Last week, we looked at the use of nanomites that were sprayed on athletes to deliver peak performance. This week (in projections of the future) we find out about another way to apply the technology.
The NFL, NHL, and MLB were normally in the cat bird seat when it came to licensing team jerseys and player numbers. So, when Under Armor offered to pay a premium on the normal licensing fees, each league association was congratulating themselves about to what tough negotiators they were.
They had not realized that Under Armor had developed a way to include wearable technology that optimized for the wearer to play more like the person who’s jersey number they were.
Want to shoot like Brad Park, Wayne Gretzky or your team’s best player? The jersey contains the memory of each player’s skills. Furthermore, the skill on top was synchronized to the gear on the bottom including, pants, padding, and skates.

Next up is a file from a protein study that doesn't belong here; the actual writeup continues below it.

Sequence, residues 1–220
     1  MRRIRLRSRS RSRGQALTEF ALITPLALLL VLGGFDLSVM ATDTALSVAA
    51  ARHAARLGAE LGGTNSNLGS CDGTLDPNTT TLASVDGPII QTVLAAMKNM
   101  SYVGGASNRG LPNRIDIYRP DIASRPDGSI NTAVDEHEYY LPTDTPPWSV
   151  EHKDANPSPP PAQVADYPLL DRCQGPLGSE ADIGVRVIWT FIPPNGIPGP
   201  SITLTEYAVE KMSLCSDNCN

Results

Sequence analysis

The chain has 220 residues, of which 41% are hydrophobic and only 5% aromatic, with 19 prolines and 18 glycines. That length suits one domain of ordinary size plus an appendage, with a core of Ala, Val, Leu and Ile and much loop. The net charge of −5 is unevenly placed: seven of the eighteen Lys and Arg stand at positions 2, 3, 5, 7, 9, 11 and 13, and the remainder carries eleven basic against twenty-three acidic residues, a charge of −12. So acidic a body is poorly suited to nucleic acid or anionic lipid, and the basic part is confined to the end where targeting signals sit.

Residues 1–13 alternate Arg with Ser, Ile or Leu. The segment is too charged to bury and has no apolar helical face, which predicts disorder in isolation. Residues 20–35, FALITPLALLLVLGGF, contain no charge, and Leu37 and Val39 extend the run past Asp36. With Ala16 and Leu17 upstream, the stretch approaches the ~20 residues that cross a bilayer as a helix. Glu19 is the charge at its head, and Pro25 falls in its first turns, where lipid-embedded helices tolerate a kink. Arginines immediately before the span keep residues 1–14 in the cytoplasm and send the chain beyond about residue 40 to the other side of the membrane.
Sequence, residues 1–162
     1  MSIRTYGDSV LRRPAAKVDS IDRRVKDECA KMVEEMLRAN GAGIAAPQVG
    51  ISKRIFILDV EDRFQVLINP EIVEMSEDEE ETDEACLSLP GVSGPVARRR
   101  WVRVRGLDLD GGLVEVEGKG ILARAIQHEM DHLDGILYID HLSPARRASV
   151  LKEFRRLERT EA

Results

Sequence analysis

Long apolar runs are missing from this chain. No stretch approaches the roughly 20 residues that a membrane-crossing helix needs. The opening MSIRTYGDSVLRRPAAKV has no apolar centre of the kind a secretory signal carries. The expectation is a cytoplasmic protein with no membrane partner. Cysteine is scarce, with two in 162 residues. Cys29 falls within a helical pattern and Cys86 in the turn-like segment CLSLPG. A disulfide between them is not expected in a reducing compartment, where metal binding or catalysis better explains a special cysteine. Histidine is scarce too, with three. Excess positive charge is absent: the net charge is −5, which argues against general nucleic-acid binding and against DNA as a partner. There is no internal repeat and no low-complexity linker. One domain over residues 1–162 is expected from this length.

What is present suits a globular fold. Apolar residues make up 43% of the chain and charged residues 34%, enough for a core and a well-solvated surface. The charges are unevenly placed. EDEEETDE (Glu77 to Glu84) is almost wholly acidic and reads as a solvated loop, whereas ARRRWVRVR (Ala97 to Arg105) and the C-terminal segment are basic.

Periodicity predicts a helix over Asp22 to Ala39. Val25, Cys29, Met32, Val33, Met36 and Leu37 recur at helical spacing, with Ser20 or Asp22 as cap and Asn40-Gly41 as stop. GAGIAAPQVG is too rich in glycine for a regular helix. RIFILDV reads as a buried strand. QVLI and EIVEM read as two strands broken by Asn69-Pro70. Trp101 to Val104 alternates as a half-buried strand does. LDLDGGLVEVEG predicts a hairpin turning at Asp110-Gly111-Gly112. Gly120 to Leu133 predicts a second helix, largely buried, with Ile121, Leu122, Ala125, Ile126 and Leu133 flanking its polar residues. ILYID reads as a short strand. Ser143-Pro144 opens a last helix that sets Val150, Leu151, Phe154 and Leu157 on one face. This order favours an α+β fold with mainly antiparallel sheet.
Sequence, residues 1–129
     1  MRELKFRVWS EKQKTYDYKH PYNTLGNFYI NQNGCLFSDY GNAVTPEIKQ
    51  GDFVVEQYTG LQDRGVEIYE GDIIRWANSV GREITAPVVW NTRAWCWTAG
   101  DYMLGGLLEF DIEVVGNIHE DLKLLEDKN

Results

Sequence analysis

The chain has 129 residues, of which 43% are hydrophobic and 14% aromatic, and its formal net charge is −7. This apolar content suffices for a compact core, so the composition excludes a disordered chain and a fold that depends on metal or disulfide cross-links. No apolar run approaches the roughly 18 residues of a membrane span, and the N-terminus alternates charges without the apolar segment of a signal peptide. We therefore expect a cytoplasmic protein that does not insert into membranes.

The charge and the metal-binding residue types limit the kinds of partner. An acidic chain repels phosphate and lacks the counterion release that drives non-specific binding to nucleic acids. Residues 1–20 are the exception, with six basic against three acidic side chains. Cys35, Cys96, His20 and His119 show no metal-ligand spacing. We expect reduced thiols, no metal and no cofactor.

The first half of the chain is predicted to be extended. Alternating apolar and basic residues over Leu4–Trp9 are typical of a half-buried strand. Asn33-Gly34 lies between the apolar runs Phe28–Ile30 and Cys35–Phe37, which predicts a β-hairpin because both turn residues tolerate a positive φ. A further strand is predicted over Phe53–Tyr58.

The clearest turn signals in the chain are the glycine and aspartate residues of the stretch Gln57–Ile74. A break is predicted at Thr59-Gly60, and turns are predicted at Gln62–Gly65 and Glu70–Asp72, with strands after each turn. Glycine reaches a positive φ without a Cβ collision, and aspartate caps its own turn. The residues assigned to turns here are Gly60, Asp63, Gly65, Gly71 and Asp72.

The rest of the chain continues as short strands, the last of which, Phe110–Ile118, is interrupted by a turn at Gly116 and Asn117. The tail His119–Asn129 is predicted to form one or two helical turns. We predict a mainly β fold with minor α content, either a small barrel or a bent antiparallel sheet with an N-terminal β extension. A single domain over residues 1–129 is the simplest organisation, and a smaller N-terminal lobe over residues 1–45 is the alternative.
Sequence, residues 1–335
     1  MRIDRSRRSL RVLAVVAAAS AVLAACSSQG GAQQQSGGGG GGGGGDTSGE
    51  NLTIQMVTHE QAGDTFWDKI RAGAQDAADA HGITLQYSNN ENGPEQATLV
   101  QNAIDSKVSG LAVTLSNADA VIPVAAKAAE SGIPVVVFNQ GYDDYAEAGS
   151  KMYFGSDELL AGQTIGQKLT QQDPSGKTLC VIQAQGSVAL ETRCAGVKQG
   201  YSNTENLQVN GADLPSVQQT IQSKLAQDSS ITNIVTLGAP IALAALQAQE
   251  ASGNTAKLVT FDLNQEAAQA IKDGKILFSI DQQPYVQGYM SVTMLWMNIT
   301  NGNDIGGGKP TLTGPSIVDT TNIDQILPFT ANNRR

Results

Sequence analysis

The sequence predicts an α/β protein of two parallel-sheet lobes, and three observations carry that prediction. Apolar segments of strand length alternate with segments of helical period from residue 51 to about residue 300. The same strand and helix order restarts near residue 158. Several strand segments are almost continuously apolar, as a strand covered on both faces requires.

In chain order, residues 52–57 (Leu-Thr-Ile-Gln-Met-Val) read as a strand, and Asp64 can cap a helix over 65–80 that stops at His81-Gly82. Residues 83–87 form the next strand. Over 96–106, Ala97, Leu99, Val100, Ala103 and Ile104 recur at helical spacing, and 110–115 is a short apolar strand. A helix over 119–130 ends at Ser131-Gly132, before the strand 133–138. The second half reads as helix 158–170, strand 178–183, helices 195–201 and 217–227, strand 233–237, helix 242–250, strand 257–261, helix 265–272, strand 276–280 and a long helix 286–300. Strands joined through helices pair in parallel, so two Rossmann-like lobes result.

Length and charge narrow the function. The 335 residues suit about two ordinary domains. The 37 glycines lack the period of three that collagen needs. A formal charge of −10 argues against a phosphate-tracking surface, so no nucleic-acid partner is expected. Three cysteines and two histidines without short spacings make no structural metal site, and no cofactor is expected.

Since the same was true of the baseball and football gear, the revenue that Under Armor was getting from the complete outfit made the leagues’ “brilliant negotiators” look like they had been fleeced, despite the licensing fees.
It helped that Under Armor started the marketing campaigns by giving the new wearable sports gear to athletes who were recently retired, but running their own training camps. Pitchers were grateful that the jerseys had the ability to be turned on and off, so the films of the players had additional instructional value.
Back at the league associations, the rules committee was thinking about designing new padding and pants designs so that they could renegotiate the licensing. However, the lawyers pointed out that the change in the equipment would not impact the technology implemented by Under Armor.
The next step was for the leagues to meet with MIT and Harvard, where the early nanotech had been created, to see if they could license or improve upon Under Armor’s solution. While the Under Armor application was totally different than the sprayed on technology by MIT, the university’s patent attorneys were already looking for infringements.
A University of Maryland Business Law professor pointed out that it was ironic that the school with one of the best GPL licenses was now looking for infringements.
Stay tuned for next week when the NHL sprays on tans.
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Edited by Ken Briodagh